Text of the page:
In the 1970s there was a major shift in how aerospace engineers treated the fatigue of metal parts.
Before the shift, the engineers assumed the part was manufactured to print with the specified surface finish and then the calculated or measured stresses were "looked up" on a table and the read-across was the number of cycles the part was expected to survive.
That changed after some very high-profile structural failures of wing-knuckles. Post-mortem evaluation revealed that the fracture started at a scratch or gouge left by a repair tool that had slipped or fallen.
After those failures, the preferred mode of analyzing parts was to assume a crack already existed and to use a crack-growth-rate model to see if the crack would significantly reduce the load carrying capacity of the part during the air-frame's expected lifetime.
Life was good for a while but then more cracked parts were found and the cracks were growing faster than anticipated.
After putting their heads together and coming up with a plan, the design engineers called in the test pilots (who also had engineering degrees) and explained that they thought that the problem was caused by high-frequency, mechanical vibration. The thinking was, the design engineers explained, that the high frequency resulted in many, many cycles being added to the part very quickly. The design engineers said that conventional instrumentation had analog filters to filter out high-frequency content due to limitations on being able to record all of the data.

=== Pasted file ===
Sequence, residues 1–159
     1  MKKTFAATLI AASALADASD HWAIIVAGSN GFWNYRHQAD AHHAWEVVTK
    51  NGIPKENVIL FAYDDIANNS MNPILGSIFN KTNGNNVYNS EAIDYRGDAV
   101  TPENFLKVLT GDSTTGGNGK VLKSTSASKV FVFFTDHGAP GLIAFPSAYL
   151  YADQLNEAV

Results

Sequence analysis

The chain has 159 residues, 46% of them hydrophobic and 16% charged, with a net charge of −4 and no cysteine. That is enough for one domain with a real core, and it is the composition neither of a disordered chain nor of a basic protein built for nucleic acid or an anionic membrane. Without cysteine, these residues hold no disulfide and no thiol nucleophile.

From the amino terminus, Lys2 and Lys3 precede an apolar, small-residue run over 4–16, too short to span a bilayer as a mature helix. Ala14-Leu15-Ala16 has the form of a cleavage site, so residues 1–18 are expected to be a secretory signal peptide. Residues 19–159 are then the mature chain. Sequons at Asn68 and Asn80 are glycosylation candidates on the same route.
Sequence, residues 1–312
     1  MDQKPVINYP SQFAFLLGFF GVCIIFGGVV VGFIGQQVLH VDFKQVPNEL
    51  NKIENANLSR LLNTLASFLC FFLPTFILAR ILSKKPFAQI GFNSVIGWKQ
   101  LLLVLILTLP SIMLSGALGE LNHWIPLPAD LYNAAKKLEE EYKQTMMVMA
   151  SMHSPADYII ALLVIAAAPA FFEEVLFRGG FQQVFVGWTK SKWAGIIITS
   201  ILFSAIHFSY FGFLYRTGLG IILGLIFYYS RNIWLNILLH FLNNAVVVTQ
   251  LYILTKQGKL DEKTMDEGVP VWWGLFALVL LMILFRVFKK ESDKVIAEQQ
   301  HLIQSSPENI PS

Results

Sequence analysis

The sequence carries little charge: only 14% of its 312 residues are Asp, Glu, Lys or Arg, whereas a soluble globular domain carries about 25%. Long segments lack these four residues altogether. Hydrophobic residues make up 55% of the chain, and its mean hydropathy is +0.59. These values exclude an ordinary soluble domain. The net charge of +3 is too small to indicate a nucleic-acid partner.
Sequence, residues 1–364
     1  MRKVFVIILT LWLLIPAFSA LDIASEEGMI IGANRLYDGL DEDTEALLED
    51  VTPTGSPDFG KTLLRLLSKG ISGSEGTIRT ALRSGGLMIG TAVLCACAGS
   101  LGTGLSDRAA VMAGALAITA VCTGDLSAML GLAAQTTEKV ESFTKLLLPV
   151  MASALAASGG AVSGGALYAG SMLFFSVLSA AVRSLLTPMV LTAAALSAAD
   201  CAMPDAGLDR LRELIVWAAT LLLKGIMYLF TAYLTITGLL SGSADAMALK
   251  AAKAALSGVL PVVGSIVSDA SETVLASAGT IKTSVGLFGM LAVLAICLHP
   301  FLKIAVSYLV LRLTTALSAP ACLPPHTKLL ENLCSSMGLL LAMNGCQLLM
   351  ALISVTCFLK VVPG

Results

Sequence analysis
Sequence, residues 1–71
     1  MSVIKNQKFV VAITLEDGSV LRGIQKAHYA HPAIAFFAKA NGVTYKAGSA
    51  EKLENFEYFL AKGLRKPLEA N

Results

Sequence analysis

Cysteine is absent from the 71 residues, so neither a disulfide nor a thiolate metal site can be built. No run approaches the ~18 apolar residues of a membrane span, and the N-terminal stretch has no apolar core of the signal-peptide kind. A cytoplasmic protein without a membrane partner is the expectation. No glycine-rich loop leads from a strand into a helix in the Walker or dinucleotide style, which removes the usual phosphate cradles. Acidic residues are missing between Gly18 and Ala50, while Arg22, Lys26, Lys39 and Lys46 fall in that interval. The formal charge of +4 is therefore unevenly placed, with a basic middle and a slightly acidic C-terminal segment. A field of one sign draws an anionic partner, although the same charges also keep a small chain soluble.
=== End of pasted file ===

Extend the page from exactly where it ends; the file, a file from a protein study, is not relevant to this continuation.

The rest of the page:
So the design engineers had designed special instrumentation to capture the high-frequency content. They had overcome the data limitations by installing a switch which the pilots were told to turn on just before they performed a standard limit maneuvers and turned off immediately after completing the maneuver.
The story about the switches was total bull-shit. The devices were recording the entire time.
What the design engineers learned is that improvements in flight-suits and "grunting" meant that standard "design limit maneuvers" were no longer at the limits of human performance. The pilots (thinking that nobody was watching) exceeded "limit maneuvers" on the way to and from the desert where such maneuvers were officially performed. They flipped the switches and generated the expected g-levels and then flipped them off. The interesting events were on the way to-and-from the desert.
Some personalities are more likely to be non-compliant than others. Some of us are non-compliant in creative ways.
Incidentally, the rototiller started on the first pull. The only unexpected event is that a bee (yellowjacket? bumblebee?) stung me on the back of my calf. Of course it was the leg that had been broken.